TOKYO • The number of people with dementia who were reported missing in Japan hit a record high last year, according to new figures released on Thursday.
The figures highlighted the difficulty in dealing with eldercare in a rapidly ageing society like Japan.
Japan's National Police Agency said 15,432 people with dementia, including those suspected to be suffering from the condition, were reported missing in 2016, up 26.4 per cent from 2015, reported Kyodo News on Thursday.
By 2025, one in five of the over-65s - around 7.3 million people - in Japan will have dementia, the Health Ministry estimates, up from around 4.6 million now.
An increasing number of local governments have also begun strengthening efforts to track down missing dementia patients.
In Takasaki, north of Tokyo, the city government started renting Global Positioning System devices free to the families of elderly patients in October 2015 and has since managed to resolve 141 cases of missing people. In one successful case, a woman in her 80s who disappeared from a nursing facility in the rural and mountainous Gunma prefecture was found in Tokyo.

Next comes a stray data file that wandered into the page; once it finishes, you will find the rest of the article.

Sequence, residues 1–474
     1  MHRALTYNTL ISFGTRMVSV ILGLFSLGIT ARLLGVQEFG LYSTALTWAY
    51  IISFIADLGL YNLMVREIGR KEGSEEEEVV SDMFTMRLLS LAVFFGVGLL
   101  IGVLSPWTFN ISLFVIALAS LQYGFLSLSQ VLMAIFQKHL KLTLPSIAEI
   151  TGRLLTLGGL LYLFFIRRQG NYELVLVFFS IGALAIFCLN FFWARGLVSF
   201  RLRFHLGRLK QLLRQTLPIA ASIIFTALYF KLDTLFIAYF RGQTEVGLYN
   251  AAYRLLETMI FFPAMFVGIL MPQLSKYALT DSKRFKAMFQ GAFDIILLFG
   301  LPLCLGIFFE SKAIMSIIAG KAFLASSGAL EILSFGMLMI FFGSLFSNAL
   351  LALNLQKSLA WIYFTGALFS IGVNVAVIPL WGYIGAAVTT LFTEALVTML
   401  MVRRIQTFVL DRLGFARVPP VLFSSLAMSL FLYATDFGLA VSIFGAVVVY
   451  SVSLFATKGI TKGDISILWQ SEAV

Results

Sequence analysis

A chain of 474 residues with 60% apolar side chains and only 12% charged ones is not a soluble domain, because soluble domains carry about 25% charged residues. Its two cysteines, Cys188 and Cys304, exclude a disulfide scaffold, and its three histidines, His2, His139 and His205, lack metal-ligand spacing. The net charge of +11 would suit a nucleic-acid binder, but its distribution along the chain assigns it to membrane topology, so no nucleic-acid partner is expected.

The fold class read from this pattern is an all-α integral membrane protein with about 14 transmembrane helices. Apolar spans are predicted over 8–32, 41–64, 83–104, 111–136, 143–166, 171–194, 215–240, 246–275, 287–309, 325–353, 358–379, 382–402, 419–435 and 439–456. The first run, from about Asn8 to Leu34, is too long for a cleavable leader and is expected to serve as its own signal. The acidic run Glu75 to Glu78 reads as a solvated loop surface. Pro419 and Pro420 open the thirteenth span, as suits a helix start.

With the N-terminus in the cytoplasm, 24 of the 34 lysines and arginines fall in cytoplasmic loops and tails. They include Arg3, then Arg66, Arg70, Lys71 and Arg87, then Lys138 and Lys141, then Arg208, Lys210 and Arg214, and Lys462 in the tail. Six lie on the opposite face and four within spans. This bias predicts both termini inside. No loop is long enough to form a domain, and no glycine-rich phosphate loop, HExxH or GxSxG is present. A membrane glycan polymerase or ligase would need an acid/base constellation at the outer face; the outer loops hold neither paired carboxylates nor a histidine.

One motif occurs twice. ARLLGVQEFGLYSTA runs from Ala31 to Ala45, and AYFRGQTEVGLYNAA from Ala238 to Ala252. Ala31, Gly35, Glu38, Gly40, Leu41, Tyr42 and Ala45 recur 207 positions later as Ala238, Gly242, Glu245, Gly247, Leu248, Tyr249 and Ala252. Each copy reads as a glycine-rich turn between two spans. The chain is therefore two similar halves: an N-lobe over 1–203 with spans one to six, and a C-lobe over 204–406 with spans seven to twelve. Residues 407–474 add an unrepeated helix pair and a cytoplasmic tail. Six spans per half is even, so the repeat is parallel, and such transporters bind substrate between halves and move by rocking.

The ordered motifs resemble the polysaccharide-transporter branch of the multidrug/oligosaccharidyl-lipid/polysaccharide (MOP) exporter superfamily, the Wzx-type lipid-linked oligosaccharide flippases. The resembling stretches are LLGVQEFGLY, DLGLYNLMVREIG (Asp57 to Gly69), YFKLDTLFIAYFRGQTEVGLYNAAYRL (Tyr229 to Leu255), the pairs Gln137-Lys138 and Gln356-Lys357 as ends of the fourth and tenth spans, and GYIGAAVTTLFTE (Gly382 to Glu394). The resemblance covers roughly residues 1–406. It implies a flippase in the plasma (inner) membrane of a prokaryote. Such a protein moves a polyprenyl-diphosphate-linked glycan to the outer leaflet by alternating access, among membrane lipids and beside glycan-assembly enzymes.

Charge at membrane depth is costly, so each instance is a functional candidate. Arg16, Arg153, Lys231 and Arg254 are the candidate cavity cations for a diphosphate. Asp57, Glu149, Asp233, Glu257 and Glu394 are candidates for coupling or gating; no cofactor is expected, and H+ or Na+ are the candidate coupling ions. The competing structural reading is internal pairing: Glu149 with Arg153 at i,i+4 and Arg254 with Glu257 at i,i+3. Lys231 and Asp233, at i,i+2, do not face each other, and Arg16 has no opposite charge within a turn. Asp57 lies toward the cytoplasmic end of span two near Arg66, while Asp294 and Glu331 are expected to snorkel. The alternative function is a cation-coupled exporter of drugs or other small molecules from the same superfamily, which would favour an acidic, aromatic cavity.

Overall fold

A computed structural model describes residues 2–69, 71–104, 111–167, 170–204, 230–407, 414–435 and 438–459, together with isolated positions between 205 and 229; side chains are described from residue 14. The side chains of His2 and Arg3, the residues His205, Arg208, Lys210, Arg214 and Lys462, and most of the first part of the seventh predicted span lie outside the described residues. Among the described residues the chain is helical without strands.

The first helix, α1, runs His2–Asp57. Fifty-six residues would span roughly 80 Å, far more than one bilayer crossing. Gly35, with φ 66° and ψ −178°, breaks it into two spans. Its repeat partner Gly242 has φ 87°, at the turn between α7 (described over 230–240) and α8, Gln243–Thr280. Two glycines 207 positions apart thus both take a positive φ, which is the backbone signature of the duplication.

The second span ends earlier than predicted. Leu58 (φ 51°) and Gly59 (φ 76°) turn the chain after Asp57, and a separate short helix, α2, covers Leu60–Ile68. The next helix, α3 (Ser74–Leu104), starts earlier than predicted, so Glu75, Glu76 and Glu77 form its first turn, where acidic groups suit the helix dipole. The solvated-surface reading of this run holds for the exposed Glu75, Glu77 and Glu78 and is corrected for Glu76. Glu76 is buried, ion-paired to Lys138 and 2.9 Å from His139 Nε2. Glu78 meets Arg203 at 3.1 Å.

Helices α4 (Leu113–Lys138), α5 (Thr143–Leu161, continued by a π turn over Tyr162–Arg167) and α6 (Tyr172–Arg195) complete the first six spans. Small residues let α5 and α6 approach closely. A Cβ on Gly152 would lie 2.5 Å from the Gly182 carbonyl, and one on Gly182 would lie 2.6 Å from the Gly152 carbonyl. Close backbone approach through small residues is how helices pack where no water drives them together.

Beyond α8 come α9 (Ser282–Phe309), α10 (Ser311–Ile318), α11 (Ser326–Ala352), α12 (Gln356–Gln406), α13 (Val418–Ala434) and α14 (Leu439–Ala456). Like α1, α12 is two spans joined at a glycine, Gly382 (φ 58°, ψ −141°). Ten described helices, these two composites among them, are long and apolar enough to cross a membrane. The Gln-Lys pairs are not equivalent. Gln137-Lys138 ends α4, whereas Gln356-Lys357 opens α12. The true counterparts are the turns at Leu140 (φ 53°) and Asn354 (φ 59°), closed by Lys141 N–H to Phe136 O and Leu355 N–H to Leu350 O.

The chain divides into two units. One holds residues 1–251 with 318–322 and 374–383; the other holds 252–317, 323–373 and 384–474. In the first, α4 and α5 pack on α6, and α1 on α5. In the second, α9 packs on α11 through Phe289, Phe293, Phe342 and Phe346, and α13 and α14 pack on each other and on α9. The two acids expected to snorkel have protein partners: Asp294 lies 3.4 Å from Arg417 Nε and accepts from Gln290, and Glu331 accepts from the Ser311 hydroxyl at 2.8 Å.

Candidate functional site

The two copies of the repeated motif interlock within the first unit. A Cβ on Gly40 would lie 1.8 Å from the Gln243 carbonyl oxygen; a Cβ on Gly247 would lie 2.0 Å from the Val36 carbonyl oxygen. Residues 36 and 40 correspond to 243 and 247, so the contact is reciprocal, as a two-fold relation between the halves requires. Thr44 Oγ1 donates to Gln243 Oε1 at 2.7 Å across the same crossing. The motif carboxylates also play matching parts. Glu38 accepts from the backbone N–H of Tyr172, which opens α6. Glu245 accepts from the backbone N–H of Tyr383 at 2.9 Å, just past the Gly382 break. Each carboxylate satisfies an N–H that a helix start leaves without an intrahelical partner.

In Nara prefecture in western Japan, a missing man in his 60s was found and identified, thanks to a sticker on his sandal, which had been provided by a local municipal government.
In China, more than 1,370 people aged 60 or older go missing every day, or around 500,000 per year, according to the China White Paper on the Lost Elderly.
Around one in four of those missing had been diagnosed with dementia, according to the report.
There are about 10 million people with dementia in China, reported China Daily.